Pick Up After Your Pet
A lot of trails have dog stool bag stations, however, some don’t, therefore it’s important to be prepared and keep some bags with you when you go on a hike. If you will be disposing of your dog’s waste, be respectful of the environment and throw them in a trash can, preferably those with a lid. If you’re camping, make sure to leave any pet waste at least 200 feet away from the campsite.
Observe and See If Your Dog is Fit for the Trail
Dogs have different abilities and sometimes it depends on their age as well. Very young dogs and very old dogs will not be able to handle the same trail length or difficulty compared to other dogs. Therefore, it’s important to observe how your dog is doing on the trail and see his limits. Do not push him to exhaustion because this is very dangerous. You can also ask your vet for you to know how much is too much for your dog. If you notice that your dog is lying down and panting intensely while hiking, this might mean that they need to cool down, slow down, or they cannot really endure the intensity of the hike.
Bring a Pet First Aid Kit
First aid kits are important in any activity and just like humans, dogs need them too in case of emergencies. A pet first aid kit will help you with gashes, bites, sprains, or burns your dog might get. But after the hike, make sure that you take him to the vet, especially when he’s hurt or in pain.
Dog Clothing is Sometimes Necessary
If your dog is shorthaired or if he’s used to spending most of his time indoors, he might need to wear some clothes when you take him on a hike. Clothing will help him stand against wet and cold conditions on the trail. If you’re going on a cold or snowy trail, your pet could also use some dog booties. These are also useful on very hot sand and rocky trails.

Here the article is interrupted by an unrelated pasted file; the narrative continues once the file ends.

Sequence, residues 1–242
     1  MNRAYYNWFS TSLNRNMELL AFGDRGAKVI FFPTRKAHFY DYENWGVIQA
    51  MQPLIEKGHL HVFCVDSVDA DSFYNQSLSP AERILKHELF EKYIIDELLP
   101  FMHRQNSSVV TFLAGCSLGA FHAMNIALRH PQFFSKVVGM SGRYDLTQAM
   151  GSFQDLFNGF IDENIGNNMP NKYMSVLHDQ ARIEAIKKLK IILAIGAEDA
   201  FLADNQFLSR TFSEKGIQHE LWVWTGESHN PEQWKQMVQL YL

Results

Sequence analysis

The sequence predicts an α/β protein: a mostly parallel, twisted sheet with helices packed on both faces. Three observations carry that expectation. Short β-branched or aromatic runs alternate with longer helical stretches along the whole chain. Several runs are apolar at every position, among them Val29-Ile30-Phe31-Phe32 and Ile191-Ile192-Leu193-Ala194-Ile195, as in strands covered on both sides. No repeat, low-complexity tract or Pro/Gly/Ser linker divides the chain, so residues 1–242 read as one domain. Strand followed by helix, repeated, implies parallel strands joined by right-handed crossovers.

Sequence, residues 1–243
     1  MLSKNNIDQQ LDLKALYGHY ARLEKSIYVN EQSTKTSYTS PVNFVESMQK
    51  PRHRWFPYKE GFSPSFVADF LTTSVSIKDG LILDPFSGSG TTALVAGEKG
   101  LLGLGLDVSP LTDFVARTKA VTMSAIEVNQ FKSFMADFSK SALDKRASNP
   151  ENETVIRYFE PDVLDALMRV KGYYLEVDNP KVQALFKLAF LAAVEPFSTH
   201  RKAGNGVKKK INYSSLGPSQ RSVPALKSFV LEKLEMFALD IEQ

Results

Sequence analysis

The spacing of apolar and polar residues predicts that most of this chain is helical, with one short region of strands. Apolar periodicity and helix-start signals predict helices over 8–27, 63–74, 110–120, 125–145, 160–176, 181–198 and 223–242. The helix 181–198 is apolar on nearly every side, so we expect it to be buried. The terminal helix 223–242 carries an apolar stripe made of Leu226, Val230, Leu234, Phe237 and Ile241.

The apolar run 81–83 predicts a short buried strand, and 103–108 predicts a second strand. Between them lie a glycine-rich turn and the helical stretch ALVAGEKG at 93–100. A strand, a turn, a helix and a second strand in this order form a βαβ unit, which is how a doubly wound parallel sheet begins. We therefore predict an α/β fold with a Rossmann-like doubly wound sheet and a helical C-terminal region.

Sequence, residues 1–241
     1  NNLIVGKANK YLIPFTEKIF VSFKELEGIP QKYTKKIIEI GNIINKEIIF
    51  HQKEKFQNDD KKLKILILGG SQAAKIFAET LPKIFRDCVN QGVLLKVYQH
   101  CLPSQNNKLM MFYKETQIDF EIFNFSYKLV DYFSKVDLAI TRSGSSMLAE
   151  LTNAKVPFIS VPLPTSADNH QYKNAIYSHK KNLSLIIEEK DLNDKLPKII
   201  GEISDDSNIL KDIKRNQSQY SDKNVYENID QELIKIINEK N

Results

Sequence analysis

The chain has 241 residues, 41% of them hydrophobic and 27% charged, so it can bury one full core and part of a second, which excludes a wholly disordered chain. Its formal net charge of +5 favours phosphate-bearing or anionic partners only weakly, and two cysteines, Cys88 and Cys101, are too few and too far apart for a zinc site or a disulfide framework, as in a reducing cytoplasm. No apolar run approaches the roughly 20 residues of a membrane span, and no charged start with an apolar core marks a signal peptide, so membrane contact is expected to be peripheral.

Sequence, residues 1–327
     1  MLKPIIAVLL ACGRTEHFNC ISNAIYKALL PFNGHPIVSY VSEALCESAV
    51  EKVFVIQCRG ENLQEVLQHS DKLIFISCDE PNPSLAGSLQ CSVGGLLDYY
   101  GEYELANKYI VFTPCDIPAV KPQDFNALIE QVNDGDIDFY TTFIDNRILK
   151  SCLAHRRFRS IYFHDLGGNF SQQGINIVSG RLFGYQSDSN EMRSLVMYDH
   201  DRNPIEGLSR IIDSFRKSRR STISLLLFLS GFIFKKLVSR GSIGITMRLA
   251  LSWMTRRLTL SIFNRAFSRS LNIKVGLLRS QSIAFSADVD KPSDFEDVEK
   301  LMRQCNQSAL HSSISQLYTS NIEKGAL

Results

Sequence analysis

Pay Attention for Anything that Your Dog Ingests
There are a lot of things dogs might eat while on the trail. Some of them are mushrooms, cattails, and pinecones. There are also some which can be very dangerous or even deadly for them. If you notice that your dog is chewing on something, try to figure what it is and if you think it’s dangerous, get a sample of it and show it to your vet. This is another reason why it’s important to keep your dog on a leash while hiking.
A Post-Hike Checkup is Important
After your enjoyable hike with your dog, it’s important to check his whole body if there are ticks, cuts, burrs, and burns. When you find a tick, carefully remove it and place it in a bag to take to your vet. Another way to check your dog for any cuts or injuries is by giving him a post-hike doggie bath.
Making sure that your dog is safe and in a good condition will certainly give you an enjoyable and memorable hike together. With just proper planning and preparations, it can be a rewarding experience for both of you. We hope these tips will help you in having a great time hiking with your dog.